|What do you mean by a good programmer?He does have 6 years of experience. |
There's more to being good than just having experience.
To answer your original question, there's nothing at all demeaning about being honest about your strengths and weaknesses, and about knowing where you are in your progress in learning a topic.
As others have said, identifying yourself as a beginner is helpful in letting others know how to tailor their answers to you. If I know I'm talking to someone who's inexperienced in C++, I'll try and write my answer in terms a beginner will understand, keeping it simple and not going into digressions about advanced C++ features. If I'm answering someone who seems to be experienced, then I may go into those extra details, and skip over explaining basic stuff.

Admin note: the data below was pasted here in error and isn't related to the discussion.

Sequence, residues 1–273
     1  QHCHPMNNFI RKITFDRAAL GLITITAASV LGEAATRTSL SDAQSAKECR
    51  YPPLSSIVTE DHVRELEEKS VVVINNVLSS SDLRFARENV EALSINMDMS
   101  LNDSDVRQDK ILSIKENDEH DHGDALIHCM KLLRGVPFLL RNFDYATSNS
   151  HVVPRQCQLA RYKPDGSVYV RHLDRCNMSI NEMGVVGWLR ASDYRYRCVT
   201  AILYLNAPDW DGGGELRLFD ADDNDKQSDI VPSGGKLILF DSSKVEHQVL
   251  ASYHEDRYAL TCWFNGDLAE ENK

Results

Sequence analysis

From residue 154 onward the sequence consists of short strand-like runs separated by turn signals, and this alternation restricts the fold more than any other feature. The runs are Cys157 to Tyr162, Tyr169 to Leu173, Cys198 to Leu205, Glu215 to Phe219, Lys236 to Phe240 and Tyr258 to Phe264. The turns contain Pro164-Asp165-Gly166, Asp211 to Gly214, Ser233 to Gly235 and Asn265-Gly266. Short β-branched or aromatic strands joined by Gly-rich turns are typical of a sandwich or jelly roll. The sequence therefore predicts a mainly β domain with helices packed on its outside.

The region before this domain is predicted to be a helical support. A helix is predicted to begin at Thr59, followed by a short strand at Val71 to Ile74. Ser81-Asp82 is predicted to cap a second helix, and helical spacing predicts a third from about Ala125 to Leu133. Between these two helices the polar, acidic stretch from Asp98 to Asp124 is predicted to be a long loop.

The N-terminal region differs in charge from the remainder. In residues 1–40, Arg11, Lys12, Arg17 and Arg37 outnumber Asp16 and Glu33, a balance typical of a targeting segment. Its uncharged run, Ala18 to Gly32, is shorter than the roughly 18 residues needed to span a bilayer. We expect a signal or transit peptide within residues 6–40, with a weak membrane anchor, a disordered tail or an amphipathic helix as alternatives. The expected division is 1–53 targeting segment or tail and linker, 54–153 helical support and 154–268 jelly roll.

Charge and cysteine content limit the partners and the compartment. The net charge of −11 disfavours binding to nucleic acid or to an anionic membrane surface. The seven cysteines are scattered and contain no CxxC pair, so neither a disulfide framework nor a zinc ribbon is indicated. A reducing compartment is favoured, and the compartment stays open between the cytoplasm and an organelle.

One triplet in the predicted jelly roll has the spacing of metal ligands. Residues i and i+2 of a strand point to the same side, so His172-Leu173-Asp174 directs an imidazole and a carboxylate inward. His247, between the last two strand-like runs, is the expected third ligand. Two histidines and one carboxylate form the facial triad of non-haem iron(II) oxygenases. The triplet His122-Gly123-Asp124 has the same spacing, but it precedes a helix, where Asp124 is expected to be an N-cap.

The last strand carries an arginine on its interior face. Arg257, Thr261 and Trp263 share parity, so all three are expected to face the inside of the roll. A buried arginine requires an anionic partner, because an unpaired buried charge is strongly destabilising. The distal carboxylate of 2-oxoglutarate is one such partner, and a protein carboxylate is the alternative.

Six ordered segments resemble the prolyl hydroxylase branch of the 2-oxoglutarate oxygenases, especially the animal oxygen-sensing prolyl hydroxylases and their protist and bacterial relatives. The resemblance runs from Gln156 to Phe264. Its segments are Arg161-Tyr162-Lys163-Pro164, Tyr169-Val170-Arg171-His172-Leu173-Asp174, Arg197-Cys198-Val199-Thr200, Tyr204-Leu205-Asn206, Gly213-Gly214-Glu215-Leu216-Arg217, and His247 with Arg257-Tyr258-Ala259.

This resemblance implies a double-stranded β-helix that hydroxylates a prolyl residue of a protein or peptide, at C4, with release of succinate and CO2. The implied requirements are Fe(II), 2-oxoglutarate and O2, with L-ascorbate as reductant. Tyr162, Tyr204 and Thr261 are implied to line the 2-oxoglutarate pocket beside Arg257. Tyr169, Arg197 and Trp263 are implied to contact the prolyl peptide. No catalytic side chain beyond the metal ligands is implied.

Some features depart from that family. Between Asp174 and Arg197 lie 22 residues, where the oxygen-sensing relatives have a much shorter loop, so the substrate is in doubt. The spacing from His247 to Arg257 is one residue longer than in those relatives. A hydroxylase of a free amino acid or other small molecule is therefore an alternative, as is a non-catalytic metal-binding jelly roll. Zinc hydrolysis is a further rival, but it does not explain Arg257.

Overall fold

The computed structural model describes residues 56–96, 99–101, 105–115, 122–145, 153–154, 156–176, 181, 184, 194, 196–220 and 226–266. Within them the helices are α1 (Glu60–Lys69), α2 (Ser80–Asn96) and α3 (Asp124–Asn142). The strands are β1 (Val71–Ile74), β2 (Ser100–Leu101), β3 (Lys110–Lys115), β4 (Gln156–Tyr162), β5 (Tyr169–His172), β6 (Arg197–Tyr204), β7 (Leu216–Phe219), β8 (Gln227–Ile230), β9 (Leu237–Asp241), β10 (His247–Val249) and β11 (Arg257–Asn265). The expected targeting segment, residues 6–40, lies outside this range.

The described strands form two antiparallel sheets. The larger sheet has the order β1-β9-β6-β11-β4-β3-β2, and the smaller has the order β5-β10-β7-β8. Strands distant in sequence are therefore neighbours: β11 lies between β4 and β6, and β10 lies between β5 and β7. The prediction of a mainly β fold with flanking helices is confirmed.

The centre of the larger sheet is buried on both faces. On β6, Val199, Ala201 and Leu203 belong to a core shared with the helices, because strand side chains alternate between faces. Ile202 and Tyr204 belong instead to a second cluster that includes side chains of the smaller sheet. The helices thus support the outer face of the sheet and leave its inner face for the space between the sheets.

(Or at least, that's what I ought to do. I suspect I'm not as good at it as I'd like.)
Anyone who's so full of pride and ego that they have to pretend they know more than they actually do, is hindering their own development and growth - in programming, or in any aspect of life.